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Supplement Use Common Among Facial Cosmetic Surgery Patients
Herbal supplement use significantly more common among females and older patients

TUESDAY, July 9 (HealthDay News) -- Herbal supplement use is common among patients undergoing facial cosmetic surgery, especially in females and older patients, according to a study published in the July issue of Plastic and Reconstructive Surgery.

Samantha J. Zwiebel, from the Case Western Reserve University in Cleveland, and colleagues retrospectively reviewed the charts of 200 patients (age 15 years and older) undergoing facial cosmetic surgery performed by a single surgeon. Patients were classified based on supplement use as supplement users (herbal group) and supplement nonusers (nonherbal group).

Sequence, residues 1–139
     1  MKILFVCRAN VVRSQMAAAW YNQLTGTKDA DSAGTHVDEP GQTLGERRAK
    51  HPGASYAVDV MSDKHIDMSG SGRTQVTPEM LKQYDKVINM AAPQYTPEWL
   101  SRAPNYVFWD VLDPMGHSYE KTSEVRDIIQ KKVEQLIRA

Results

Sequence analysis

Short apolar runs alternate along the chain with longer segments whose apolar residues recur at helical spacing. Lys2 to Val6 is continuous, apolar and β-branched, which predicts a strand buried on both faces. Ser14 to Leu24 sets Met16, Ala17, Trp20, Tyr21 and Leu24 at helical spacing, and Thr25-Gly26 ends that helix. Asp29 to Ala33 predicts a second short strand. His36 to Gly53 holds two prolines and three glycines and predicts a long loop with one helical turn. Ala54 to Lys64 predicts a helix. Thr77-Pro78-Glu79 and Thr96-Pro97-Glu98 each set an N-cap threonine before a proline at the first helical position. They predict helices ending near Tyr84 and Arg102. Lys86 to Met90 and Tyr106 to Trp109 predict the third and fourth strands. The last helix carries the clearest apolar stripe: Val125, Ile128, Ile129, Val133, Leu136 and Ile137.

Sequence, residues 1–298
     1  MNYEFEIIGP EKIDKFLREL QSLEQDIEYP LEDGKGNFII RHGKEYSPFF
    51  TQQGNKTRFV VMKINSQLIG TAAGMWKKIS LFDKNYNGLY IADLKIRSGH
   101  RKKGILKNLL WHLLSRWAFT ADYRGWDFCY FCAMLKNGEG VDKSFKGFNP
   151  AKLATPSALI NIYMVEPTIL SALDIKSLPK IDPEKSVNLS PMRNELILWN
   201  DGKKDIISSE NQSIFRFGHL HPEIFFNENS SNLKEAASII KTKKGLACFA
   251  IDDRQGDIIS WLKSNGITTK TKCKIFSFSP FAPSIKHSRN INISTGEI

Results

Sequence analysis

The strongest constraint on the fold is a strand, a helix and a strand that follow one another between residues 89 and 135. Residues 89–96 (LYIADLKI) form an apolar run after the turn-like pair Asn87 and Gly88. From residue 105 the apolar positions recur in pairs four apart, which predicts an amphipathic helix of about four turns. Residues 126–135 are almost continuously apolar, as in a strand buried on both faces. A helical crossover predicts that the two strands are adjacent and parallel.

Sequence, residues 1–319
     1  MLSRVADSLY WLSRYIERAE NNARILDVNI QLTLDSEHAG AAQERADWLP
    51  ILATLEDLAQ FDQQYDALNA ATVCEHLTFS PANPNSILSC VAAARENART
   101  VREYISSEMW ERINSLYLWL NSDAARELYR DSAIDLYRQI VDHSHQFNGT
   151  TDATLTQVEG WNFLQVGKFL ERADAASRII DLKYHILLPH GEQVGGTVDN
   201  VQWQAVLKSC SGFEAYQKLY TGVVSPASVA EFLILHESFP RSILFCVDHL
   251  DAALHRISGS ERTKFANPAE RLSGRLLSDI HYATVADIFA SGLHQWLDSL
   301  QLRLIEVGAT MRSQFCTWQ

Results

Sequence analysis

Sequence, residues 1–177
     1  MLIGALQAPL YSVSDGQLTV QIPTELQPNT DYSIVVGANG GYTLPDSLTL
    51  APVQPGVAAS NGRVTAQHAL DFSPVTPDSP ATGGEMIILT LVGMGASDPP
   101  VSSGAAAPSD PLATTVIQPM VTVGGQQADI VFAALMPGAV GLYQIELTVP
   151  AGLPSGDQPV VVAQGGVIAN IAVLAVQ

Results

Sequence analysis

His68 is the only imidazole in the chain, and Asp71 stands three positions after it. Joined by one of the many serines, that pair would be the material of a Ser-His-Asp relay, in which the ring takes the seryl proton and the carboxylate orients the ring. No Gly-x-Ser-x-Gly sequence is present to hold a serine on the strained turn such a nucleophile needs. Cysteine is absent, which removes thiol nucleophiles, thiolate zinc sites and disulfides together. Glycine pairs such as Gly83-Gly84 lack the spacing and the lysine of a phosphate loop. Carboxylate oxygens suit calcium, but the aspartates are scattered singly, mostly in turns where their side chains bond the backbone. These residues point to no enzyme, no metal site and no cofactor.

The researchers found that 49 percent of patients used supplements, including 24.5 percent who used only vitamins or minerals; 2.5 percent who used only animal- and plant-based (nonvitamin/mineral) supplements; and 22 percent who used both types. An average of 2.8 supplements were used by patients in the herbal group. The herbal group comprised significantly more females (89.8 percent, versus 77.5 percent in the nonherbal group) and those in the herbal group were significantly older (51.4 versus 38.5 years).

"Considering the potential ill effects of these products on surgery and recovery, awareness and careful documentation and prohibiting the patients from the consumption of these products will increase the safety and reduce the recovery following cosmetic procedures," the authors write.

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April 19, 2014

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